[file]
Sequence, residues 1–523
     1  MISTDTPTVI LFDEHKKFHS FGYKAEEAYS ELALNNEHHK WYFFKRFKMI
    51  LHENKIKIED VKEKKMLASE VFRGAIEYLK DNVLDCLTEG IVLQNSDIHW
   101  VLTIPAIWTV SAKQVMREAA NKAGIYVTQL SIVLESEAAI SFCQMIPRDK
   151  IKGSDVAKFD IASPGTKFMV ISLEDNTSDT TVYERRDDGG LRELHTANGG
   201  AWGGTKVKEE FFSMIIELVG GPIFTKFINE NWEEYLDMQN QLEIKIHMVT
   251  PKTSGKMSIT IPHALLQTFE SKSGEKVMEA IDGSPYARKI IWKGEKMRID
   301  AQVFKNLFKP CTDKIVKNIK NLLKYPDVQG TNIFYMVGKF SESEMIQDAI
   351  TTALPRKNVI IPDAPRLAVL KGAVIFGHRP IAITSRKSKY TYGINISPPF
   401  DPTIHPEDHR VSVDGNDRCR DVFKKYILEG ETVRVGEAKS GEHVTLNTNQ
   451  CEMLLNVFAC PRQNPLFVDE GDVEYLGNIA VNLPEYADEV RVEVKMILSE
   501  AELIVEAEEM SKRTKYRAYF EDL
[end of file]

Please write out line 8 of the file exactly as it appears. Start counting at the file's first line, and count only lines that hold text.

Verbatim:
   301  AQVFKNLFKP CTDKIVKNIK NLLKYPDVQG TNIFYMVGKF SESEMIQDAI